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Bill Rosendahl, 11th District Councilman, 70, Dead from Cancer

Posted: Wednesday, March 30, 2016 – 10:02 AM

By Victoria Talbot

Bill Rosendahl, the big-hearted, big-toothed and grinning councilmember whose infectious enthusiasm propelled him to a career that focused on solutions for homelessness, traffic and overdevelopment, has died following a four-year battle with cancer. He was 70.

Rosendahl  was openly gay, serving in the Los Angeles City Council from 2005-2013 when he retired after his diagnosis with fourth-stage cancer in the summer of 2012. 

“Our city and world lost a great friend and giant of social justice, Bill Rosendahl,” said Mayor Eric Garcetti. “He had the biggest heart I know and I will miss him deeply.”

He was well-known for his hands-0n style, bringing eggs from his own chickens to neighborhood council members in his district while making the case for the issues he was passionate about. 

Rosendahl was well known for his outreach to the community, to solicit the opinion of his constituents before he made a stand in City Council. He made friends with his critics, and reached out to find the areas where compromise was possible.

Before becoming an elected official, Rosendahl was already a well-known figure in politics. He was an award-winning producer and moderator for critically acclaimed public affairs television. He hosted Local Talk, Week in Review, and Beyond the Beltway.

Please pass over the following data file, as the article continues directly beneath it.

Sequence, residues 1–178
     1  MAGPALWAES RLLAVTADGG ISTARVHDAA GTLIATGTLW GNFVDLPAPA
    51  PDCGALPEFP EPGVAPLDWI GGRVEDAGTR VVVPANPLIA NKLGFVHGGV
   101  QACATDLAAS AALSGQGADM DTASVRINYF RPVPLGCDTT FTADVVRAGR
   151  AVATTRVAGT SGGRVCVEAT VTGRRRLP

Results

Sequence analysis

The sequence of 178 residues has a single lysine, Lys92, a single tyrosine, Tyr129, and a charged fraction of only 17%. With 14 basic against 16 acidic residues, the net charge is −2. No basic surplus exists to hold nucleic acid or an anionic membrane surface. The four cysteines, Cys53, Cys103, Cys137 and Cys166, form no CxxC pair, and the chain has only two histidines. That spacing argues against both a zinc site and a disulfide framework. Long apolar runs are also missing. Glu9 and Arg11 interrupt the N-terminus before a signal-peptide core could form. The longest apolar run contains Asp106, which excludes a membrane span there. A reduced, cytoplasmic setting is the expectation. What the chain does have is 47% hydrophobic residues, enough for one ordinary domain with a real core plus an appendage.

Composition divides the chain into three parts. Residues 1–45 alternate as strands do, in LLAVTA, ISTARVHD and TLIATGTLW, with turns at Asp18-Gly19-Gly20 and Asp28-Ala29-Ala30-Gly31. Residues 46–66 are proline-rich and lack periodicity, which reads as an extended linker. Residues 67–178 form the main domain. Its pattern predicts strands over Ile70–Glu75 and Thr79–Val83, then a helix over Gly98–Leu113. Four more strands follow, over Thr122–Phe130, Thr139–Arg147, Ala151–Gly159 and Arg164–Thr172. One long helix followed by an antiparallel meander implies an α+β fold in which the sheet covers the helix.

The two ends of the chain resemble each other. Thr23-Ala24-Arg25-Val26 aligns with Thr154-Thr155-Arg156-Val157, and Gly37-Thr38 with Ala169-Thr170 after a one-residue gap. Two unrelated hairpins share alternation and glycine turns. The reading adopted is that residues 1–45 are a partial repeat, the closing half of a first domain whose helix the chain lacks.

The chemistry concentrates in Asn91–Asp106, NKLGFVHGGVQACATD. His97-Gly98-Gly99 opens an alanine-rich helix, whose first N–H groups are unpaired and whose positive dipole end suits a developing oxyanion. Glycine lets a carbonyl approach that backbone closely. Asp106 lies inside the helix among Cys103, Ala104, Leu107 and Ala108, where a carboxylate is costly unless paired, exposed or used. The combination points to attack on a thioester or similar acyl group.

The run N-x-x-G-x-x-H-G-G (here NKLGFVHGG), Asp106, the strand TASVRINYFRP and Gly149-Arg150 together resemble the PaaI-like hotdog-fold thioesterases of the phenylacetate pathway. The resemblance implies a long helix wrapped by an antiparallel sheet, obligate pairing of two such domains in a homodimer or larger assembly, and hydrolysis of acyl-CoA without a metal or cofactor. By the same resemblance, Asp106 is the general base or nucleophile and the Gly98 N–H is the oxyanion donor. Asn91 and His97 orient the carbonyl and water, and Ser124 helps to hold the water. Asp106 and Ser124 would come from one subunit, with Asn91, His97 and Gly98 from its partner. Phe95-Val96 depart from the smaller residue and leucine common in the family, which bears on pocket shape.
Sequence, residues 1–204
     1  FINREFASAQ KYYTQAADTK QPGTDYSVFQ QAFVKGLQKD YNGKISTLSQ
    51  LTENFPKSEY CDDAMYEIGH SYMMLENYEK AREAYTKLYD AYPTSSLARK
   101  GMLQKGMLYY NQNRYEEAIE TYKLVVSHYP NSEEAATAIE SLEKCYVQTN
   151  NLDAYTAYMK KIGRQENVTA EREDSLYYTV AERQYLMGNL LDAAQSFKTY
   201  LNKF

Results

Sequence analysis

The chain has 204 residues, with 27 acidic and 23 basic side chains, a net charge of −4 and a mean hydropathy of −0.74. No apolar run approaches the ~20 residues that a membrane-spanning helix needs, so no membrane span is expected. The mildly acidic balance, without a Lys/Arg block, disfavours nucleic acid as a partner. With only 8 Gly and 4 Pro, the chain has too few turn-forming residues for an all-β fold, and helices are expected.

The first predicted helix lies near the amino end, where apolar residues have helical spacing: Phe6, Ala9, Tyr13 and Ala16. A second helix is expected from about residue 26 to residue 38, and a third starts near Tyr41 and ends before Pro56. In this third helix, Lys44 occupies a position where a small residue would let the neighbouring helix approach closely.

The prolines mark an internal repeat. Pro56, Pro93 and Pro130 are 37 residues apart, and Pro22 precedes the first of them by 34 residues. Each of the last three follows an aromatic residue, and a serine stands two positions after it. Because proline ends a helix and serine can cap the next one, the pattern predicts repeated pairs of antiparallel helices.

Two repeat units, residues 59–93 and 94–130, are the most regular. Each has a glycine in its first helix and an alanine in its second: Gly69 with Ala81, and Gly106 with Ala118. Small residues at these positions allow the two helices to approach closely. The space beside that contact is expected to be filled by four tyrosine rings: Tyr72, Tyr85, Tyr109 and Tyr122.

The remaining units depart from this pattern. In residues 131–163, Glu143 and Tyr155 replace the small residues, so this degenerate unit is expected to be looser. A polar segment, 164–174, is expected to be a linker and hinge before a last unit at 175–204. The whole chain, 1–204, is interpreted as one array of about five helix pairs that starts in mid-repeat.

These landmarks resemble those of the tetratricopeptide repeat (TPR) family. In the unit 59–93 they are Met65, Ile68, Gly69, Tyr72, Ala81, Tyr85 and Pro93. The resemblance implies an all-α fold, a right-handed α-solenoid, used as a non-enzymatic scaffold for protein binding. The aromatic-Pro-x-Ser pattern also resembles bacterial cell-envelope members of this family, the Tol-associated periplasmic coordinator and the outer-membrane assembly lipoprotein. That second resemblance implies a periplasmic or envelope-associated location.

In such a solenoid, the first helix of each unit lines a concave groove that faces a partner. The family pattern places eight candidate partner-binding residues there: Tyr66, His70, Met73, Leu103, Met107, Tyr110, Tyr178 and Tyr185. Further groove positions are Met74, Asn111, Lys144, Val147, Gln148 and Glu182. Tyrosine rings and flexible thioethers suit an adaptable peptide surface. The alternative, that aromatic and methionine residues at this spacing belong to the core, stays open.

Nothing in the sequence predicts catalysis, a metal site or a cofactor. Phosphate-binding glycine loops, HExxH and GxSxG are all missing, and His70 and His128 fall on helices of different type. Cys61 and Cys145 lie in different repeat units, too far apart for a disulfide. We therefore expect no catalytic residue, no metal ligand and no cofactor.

He won the Cable Ace Award, the Diamond Award, the Freedom of Information Award, the Los Angeles League of Women Voters Public Service Award, the Beacon Award for Cable’s Free Air Time Project and more.

He chaired the California Commission on Tax Policy under Governor Gray Davis, served as president of the Los Angeles Press Club, chairman of the Cable and Telecommunications Association and president of the City of Los Angeles Health Commission. 

His beaming smile and booming voice have been a fixture in local politics for decades, and his presence brought a spirit of cooperation to Los Angeles.

Funeral and memorial arrangements are pending, but will include a Mass of Christian Burial at St. Monica’s Church in Santa Monica and a memorial celebration at Mar Vista Park, where he made his home.

In lieu of flowers, donations should be made to his favorite organizations helping the homeless: Safe Place for Youth, New Directions for Veterans, and the Jeff Griffith Youth Center at the Los Angeles Gay & Lesbian Center.


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